schedule. The more I know, the faster it goes. I’m working at an accelerated pace and that works for me. I communicate regularly with my academic coach and together we plan, set goals and have made this a positive experience. What are the challenges? I’m a hands-on learner. For an online program, my weaknesses included limitations for hands-on learning. There are also times my environment is disruptive when I’m trying to study. How does CBE integrate with your work schedule and family life? I have the flexibility to make it integrate. I can do it at 1 a.m. or 2 a.m. if I want to. I’m up late anyway, especially nights I work my second job; there’s no way I can step foot in a classroom at 9 p.m. or weekends. For people like myself who need that flexibility, this is a fantastic option. You need to be disciplined and keep to schedules to be successful. Please share anything you feel is relevant. Brandman MyPath has provided me with an opportunity to do something that for years I thought was impossible because of time or finances. I’ve been able to qualify for scholarships, and I’m making this opportunity happen for myself. The classes make the connections between what you’re learning and what you’re doing at work. Not necessarily enhancing what I’m doing, but the light is clicking on, “Ohhh, now I get it,” helping me understand things better, especially when it comes to some of the organizational leadership and management courses. I’m still lower on the totem pole so I don’t always see management’s perspective, but I’m learning more about that now. An online CBE education isn’t for everyone, but if you’re disciplined and self-motivated, you may find it a benefit to achieve your education goals.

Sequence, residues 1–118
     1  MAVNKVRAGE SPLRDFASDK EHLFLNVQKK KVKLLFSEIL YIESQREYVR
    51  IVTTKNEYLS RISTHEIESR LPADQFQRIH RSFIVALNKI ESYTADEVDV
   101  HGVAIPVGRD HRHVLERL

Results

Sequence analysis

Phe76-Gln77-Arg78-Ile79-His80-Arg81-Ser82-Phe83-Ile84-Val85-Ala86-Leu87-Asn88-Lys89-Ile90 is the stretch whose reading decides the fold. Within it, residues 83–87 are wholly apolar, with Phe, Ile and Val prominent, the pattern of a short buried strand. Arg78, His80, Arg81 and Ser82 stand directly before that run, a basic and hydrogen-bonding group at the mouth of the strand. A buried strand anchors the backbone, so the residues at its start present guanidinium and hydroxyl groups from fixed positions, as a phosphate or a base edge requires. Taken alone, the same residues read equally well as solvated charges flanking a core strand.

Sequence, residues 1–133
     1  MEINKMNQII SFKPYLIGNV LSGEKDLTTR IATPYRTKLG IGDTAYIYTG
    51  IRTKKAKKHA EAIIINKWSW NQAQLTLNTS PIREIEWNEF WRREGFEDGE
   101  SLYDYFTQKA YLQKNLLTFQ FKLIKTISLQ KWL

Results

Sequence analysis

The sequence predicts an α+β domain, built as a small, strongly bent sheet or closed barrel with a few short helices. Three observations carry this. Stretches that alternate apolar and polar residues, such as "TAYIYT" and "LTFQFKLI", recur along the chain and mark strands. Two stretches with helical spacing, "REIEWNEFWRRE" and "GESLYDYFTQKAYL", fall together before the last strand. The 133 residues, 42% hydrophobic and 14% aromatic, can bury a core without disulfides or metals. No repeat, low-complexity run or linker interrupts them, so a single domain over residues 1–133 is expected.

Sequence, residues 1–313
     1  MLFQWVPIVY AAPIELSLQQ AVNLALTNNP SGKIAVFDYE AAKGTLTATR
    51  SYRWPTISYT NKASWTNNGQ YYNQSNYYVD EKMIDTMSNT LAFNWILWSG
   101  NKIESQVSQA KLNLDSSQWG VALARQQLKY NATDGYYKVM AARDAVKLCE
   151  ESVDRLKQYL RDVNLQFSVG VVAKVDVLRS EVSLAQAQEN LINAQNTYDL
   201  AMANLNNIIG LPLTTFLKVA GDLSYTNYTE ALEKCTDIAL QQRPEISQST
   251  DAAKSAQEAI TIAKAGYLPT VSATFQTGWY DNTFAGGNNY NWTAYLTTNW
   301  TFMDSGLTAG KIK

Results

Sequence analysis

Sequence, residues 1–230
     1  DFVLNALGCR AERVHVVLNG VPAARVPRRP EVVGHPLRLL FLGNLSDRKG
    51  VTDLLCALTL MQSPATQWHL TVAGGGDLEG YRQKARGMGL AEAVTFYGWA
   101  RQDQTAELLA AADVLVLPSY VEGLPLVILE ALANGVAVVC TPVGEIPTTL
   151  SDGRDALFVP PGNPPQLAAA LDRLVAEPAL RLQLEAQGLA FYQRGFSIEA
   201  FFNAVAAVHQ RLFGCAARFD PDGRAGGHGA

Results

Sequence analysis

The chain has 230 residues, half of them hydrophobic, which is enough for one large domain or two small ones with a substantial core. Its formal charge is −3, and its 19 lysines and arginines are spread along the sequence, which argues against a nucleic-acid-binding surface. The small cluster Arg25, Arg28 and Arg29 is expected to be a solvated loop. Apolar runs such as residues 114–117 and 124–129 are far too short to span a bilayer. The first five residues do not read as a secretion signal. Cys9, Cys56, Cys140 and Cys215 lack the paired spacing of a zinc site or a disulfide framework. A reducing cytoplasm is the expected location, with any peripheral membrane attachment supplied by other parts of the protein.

VISALIA RESCUE MISSION TEXT BY RYAN STILLWATER, DIRECTOR OF DEVELOPMENT, VISALIA RESCUE MISSION
You Want to Engage
article in Relevant Magazine. “In 1999, fewer than 17,000 Americans died from a drug overdose.” Last year? More than 66,000. For context, that’s about double the total number of car accident deaths in 2016.
Dr. Andrew Kolodny, a Christian and co-director of the Opioid Policy Research Collaborative in Massachusetts, believes that “because addiction reaches so deeply into communities … churches must also play a major role.” What role? Outreach. “You’re engaging the community in ways that sitting in church once a week can’t possibly do.”